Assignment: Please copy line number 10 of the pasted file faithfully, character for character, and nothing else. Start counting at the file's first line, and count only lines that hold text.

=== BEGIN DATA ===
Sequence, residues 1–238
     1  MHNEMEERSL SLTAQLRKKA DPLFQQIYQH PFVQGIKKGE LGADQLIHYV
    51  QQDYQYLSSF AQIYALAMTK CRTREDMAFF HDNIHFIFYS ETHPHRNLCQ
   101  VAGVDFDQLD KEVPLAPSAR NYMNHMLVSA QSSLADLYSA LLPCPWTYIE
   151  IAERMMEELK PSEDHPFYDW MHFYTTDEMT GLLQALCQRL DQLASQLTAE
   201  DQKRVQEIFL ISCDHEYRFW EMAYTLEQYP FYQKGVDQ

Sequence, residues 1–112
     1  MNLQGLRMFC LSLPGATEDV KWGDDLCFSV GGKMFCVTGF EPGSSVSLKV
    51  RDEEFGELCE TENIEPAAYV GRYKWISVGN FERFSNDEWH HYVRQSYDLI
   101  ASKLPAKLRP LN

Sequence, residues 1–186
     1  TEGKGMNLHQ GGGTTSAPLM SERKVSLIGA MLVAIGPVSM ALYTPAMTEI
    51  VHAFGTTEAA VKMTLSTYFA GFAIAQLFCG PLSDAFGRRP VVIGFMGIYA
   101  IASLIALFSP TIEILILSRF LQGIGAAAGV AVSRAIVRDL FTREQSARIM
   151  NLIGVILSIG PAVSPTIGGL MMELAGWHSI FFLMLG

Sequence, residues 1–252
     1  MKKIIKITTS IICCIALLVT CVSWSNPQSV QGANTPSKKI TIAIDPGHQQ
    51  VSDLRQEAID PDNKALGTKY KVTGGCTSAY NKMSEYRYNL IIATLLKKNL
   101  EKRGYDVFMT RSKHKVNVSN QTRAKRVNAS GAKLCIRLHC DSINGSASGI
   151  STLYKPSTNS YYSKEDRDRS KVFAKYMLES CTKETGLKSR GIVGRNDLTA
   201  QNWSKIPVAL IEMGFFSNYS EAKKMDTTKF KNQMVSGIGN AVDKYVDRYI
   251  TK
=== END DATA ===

   101  ASKLPAKLRP LN